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NSA collects pictures of faces to track terrorists

by NAOMI DOSHI Staff Writer

The National Security Agency (NSA) is collecting images of people’s faces for a facial recognition program that will be used to find terrorists.

Millions of images are compiled every day. Out of all the photos collected over four years, only 55,000 are usable.

The NSA is using global surveillance to gather images from emails, texts, video conferences, social media sites, and most other forms of online communication. They then used other sources to cross-reference to pictures. The NSA could not use American passports or driving licenses, but they did have access to other countries’ identity cards.

The main facial recognition program they will use is the Tundra Freeze; however, the program is flawed. It does not always match the correct photos, which results in false identification.

In fact, the program was wrong when it tried to identify an image of Osama Bin Laden.

However, the program is still considered sophisticated. The NSA showed its abilities to succeed in a presentation. For example, it was able to correctly match a man in two different pictures. In the first, the man was bald, and in the second, he was wearing different clothes, was in a different place, and was no longer bald. It also found information about his recent travels.

There were only two journalists, both from the New York Times, who received the information.

The information was found in the documents from 2011 that were leaked by Edward Snowden, who released the documents after working at the NSA.

There have been facial images in previous documents leaked by Snowden.

One document stated, “It’s not just the traditional communications we’re after: It’s taking a full-arsenal approach that digitally exploits the clues a target leaves behind in their regular activities on the net to compile biographic and biometric information… [to] implement precision targeting.”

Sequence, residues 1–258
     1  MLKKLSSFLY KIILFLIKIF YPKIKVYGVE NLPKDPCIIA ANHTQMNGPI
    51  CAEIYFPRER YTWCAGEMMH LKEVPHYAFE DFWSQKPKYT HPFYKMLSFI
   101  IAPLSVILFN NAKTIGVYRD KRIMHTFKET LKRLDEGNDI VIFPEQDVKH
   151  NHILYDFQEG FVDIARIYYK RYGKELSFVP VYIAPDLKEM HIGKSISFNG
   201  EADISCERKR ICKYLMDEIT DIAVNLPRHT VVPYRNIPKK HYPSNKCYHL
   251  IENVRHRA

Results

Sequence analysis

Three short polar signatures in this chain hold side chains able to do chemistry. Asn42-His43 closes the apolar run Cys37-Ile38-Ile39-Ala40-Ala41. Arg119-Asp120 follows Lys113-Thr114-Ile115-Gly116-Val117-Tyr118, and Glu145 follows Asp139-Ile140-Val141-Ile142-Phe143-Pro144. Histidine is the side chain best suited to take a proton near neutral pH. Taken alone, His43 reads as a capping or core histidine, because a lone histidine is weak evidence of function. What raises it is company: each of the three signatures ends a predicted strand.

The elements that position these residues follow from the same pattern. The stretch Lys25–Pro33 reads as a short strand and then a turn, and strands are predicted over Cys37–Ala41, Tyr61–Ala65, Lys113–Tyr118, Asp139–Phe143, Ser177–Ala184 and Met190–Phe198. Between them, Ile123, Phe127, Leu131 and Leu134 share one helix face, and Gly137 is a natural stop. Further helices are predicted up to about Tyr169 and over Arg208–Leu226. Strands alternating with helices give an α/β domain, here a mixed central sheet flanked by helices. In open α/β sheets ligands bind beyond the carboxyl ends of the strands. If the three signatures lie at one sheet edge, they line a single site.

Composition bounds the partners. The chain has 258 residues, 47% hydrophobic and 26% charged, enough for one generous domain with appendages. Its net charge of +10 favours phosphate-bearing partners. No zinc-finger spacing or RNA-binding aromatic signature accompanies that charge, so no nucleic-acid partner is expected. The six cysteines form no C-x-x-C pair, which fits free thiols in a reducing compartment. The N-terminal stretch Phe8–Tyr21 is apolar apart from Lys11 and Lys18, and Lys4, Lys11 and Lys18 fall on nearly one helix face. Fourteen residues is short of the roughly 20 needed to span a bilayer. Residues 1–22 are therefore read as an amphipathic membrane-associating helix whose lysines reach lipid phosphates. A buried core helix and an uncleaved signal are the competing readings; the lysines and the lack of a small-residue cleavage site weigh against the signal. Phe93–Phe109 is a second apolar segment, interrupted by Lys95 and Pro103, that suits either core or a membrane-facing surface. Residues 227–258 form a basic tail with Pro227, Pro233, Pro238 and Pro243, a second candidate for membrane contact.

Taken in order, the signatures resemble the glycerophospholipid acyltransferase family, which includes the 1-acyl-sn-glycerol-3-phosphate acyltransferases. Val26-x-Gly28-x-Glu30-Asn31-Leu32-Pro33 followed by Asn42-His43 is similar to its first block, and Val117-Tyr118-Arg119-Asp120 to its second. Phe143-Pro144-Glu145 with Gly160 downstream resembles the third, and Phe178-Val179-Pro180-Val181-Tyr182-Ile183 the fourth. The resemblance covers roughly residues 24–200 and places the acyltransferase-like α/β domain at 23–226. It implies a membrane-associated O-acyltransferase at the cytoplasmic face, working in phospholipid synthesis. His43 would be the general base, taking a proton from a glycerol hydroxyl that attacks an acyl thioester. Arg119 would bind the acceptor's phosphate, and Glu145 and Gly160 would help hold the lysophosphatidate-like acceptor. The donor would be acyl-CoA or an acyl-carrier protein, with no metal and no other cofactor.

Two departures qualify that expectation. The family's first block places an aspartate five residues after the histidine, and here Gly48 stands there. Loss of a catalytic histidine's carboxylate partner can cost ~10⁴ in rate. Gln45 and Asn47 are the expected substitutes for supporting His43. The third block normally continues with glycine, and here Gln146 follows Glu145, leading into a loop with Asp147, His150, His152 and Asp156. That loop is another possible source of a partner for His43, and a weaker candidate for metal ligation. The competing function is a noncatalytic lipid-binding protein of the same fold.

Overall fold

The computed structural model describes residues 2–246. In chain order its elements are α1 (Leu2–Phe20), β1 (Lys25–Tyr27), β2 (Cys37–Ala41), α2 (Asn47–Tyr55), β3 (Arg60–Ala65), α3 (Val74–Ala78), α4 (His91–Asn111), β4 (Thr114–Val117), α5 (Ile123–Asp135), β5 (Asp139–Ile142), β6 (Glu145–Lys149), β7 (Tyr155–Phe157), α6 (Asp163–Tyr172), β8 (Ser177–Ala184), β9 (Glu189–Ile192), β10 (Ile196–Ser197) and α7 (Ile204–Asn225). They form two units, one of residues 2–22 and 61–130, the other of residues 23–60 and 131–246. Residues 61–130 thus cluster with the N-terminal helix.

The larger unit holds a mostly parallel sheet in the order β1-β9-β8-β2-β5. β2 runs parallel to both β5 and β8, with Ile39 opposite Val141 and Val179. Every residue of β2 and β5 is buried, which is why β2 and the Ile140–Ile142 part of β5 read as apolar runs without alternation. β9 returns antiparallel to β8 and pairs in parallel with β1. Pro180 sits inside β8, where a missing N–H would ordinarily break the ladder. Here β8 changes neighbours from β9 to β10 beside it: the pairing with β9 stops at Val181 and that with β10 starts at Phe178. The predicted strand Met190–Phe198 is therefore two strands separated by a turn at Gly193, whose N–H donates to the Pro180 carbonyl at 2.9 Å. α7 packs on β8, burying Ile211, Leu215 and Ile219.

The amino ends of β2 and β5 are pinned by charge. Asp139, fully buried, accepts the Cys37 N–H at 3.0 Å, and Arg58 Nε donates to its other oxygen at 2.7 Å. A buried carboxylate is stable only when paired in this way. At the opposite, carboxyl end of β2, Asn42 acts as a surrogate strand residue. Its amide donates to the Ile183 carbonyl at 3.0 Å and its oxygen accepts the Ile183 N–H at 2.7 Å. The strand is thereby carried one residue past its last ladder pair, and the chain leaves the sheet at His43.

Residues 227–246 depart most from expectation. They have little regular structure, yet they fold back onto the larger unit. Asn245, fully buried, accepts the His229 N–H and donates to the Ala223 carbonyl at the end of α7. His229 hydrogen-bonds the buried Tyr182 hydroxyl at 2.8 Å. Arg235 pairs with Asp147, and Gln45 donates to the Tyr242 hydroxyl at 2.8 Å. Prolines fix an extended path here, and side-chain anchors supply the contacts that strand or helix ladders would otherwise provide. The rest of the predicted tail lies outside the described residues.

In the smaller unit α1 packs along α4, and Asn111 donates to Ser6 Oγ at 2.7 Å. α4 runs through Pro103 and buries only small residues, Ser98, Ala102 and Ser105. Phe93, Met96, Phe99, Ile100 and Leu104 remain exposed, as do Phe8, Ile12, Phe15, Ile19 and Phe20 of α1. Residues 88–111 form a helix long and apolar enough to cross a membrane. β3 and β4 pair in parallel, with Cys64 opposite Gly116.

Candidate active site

This has caused widespread fear about privacy and the NSA’s limits. The NSA already has access to many written and oral forms of communication.

“I’m not sure if the facial recognition program is absolutely necessary for them to use, especially since it makes many mistakes. I think that they can use the program, but only if it is completely accurate and much more reliable than other methods. If it isn’t much better than collecting written and oral communication, I don’t think the NSA should be allowed to intrude on our privacy,” said freshman Sravya Vegunta.

A spokesperson for the NSA stated that they have to get court approval to browse Americans’ facial photos unless the American is in contact with an overseas target of the NSA.

Admiral Michael S. Rogers, director of the NSA, said, “We have very specific restrictions when it comes to U.S. persons… we have to stop what we’re doing if we come to the realization that somebody we’re monitoring or tracking has a U.S. connection that we were unaware of… we have to get the legal authority or justification.”

The House passed a bill in May that restricted the NSA from bulk collecting information from phones. In order to do this, the NSA must obtain a court order to search through companies’ records. Although this was a step forward for privacy, many people were concerned that it would slow down anti-terrorism efforts.

The Senate will meet to revise these laws and develop new ones to help maintain the balance of privacy and safety.

Freshman Pari Pandey said, “I use social media all the time and I’ve posted a lot of pictures. It feels like the NSA is intruding on my privacy even more than they used to. I worry about other people seeing my pictures, but now a government agency is collecting them too?”

Rogers said that using national threats as excuses to compromise privacy is not advisable.

“If we change who we are and what we believe and what we represent in the name of security, they have won. I have always believed that,” he said.

How do you think the NSA should balance privacy and safety?

#EdwardSnowden #NaomiDoshi #NSA #privacy

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